Partitioning Using Spatial Entropy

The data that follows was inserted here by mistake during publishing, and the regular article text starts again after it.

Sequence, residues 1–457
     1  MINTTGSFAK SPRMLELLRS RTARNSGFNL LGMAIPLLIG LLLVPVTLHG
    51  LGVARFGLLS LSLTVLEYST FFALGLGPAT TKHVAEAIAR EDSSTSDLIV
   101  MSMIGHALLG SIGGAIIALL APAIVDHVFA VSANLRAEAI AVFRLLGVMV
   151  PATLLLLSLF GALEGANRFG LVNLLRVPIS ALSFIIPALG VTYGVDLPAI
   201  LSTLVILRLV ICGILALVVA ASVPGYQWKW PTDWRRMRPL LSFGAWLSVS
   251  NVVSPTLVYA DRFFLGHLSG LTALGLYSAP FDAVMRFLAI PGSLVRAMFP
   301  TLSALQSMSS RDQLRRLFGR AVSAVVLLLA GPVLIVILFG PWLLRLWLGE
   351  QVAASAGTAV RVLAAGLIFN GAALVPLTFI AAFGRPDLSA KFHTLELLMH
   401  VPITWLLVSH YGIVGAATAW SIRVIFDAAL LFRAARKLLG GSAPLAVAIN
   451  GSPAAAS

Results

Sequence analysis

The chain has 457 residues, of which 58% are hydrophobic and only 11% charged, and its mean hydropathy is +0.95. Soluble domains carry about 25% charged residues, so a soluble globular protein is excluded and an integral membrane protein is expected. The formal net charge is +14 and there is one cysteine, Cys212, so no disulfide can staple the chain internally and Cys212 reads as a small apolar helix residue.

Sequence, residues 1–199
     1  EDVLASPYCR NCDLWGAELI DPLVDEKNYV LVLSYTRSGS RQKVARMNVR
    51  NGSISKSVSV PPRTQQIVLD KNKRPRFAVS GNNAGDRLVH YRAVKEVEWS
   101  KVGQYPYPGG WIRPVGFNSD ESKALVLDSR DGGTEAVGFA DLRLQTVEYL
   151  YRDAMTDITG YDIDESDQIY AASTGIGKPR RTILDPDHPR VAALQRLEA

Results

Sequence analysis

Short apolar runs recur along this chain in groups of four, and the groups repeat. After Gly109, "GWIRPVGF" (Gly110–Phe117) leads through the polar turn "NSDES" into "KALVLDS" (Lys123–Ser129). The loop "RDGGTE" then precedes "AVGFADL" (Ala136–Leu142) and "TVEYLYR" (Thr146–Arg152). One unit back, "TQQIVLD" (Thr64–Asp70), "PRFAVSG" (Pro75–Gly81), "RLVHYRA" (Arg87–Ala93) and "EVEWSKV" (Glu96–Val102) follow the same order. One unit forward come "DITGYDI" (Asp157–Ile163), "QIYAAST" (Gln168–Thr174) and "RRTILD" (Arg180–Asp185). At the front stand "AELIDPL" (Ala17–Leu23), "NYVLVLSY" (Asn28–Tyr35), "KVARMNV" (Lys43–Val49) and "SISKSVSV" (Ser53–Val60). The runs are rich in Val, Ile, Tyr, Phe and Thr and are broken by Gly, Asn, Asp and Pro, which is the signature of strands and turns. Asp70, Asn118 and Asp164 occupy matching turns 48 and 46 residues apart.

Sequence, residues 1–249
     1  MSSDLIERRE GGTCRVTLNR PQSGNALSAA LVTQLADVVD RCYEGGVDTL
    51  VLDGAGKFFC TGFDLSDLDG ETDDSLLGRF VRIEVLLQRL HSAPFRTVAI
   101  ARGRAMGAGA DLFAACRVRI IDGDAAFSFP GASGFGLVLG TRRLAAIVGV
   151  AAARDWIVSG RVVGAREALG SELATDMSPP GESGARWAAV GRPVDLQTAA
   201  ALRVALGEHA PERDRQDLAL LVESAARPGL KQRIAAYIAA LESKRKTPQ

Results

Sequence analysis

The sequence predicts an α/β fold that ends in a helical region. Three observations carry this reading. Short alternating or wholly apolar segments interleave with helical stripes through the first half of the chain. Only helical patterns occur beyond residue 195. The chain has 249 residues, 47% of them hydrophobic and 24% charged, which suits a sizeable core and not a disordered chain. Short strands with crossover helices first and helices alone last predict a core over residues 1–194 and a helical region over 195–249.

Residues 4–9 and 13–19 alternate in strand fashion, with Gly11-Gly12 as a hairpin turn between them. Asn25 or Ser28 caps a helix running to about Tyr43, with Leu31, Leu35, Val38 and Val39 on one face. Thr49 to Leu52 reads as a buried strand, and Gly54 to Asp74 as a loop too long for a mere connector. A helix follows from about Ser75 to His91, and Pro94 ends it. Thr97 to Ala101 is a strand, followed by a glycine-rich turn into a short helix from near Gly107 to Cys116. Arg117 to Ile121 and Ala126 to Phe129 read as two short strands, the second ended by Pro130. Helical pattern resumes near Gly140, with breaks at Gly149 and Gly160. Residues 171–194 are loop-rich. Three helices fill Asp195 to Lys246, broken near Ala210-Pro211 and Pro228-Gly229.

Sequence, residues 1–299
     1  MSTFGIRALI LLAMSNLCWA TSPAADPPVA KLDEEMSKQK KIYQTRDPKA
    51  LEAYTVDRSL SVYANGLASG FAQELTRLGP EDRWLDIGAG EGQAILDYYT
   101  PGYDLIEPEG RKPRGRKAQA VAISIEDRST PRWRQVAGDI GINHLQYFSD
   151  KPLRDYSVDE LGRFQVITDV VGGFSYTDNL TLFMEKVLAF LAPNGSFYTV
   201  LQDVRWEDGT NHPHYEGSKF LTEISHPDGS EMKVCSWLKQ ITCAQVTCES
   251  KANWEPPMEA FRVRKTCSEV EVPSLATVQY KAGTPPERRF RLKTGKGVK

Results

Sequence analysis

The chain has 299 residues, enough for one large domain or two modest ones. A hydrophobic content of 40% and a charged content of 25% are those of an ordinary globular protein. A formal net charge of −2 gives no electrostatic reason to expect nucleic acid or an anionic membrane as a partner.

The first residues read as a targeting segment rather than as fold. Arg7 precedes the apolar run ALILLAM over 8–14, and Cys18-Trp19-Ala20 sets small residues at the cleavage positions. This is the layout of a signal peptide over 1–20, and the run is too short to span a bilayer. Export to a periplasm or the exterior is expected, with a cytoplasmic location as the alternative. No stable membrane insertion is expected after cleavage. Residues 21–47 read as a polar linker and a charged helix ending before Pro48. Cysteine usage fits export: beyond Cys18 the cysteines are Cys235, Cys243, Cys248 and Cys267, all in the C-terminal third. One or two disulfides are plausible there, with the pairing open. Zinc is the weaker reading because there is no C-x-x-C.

In a previous article, I introduced an efficient way to calculate spatial entropy, which is otherwise difficult to calculate (as far as I can tell). The main reason I use spatial entropy is to partition images, and so you can use this method to do exactly that, or more generally partition a space, by simply calculating the spatial entropy of your dataset first (just use method from my previous article, code below), which will be some value H. Then, simply take the inverse log of H, and take the floor or ceiling of that value. Note that the code I’ve attached automatically returns an integer value.  You can then use this number as the number of regions you partition your space into. So for example, if K = log^{-1}(H), then you would partition the space in question into K equally sized regions, which would require K^{1/N} regions per dimension, where N is the dimension of the space in question.

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